Tome Scientific Building (1885-2000)

Tome Scientific Building, c.1955

Long the dream of Professor Charles Francis Himes, Tome Scientific Building was Dickinson College’s first building constructed solely for scientific purposes. Situated along Louther Street, on the Carlisle, Pennsylvania campus between Old West and East College, the building was completed on June 24, 1885, to the design of architect Charles L. Carson. The construction costs of $23,000 were more than covered by a generous $25,000 donation made by the building’s namesake, Jacob Tome. The building featured classroom and office wings, with the center serving as a museum. This museum was removed in 1947 when the chemical laboratories were enlarged, a renovation that cost $35,000.

In 1958, Tome underwent a $165,000 interior renovation, the building being completely remodeled with much-needed modern equipment. This new look included the Bonisteel Planetarium which was installed in the center space formerly occupied by the museum. The planetarium was designed by Henry L. Yeagley, professor of natural philosophy, and was financed by a $50,000 donation from Roscoe O. Bonisteel, class of 1912.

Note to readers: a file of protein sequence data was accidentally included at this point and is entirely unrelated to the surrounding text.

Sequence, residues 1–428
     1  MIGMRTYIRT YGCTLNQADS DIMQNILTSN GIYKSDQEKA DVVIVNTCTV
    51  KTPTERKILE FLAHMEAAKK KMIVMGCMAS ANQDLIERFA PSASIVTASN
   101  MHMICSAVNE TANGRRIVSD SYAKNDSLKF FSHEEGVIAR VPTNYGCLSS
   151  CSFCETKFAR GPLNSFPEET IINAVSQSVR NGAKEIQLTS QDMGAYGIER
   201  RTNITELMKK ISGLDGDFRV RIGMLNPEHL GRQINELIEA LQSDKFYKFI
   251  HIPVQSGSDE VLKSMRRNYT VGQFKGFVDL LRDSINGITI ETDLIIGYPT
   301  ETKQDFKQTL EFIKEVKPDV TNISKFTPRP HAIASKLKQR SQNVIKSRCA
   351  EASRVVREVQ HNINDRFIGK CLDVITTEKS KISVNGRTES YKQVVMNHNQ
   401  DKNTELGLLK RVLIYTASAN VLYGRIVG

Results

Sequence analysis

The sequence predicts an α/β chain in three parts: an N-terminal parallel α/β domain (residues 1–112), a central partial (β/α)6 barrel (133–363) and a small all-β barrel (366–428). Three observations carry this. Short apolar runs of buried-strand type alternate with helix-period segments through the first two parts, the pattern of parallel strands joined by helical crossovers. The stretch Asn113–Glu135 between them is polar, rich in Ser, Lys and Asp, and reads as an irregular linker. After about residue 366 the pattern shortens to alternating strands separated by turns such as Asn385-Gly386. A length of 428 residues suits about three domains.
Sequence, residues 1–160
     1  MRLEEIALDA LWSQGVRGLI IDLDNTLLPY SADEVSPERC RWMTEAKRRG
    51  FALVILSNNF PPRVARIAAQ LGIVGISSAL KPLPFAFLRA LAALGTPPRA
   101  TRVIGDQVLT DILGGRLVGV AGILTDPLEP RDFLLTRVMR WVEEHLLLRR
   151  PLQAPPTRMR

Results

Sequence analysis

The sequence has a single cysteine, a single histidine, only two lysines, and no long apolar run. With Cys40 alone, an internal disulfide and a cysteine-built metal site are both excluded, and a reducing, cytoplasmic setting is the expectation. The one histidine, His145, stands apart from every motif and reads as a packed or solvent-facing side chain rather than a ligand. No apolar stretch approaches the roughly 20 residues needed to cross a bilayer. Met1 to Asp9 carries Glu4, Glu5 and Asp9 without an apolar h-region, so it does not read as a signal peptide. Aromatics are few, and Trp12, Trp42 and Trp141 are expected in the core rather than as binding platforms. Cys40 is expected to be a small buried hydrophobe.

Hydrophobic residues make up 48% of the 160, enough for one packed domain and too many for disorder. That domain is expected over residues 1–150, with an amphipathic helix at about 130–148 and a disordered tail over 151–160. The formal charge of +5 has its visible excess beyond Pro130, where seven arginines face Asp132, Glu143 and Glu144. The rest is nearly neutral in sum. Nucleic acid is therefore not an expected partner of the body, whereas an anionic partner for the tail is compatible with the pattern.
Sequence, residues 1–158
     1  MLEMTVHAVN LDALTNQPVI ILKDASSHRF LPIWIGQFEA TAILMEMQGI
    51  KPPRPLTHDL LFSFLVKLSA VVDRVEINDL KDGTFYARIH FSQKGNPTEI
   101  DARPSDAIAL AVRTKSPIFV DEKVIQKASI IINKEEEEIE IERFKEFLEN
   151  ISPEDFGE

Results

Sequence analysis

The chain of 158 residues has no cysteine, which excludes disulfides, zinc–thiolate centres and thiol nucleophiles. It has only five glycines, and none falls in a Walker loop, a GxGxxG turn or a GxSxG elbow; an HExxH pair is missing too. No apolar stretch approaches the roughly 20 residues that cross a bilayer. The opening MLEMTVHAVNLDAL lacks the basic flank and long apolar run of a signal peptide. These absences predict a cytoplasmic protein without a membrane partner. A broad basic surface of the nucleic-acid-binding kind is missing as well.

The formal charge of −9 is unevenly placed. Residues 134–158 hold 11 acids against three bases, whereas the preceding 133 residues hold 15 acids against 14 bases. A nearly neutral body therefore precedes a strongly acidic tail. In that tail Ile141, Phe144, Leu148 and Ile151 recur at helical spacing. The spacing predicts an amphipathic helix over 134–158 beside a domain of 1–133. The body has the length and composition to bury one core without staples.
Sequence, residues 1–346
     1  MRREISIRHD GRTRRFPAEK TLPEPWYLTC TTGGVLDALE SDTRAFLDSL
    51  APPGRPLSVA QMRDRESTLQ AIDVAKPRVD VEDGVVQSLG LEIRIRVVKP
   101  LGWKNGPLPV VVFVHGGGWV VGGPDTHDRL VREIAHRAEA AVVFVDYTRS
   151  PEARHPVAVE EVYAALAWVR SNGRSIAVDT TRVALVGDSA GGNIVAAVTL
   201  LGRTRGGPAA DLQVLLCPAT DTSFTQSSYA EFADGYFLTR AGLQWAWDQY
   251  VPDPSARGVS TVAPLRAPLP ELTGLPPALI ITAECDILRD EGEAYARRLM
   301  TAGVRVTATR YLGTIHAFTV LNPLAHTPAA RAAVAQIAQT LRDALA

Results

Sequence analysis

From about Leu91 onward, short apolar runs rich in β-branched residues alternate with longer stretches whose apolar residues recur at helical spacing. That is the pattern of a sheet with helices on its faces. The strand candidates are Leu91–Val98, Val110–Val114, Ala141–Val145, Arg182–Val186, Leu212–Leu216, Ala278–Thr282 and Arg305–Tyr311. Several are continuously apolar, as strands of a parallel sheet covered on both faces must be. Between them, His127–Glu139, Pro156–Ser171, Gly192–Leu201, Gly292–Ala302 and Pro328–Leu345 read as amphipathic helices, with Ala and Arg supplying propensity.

For an extended time, Tome had the distinction of being the longest serving college science center in the United States. It had exclusively served the physics and astronomy department for more than forty years. With the completion of the New Science Building in 2000, however, Tome was converted to a global education building. In 2001, it was renamed as the Marc and Eva Stern Foundation Center for Global Education.

Author of Post: 
Dickinson College Archives
Date of Post: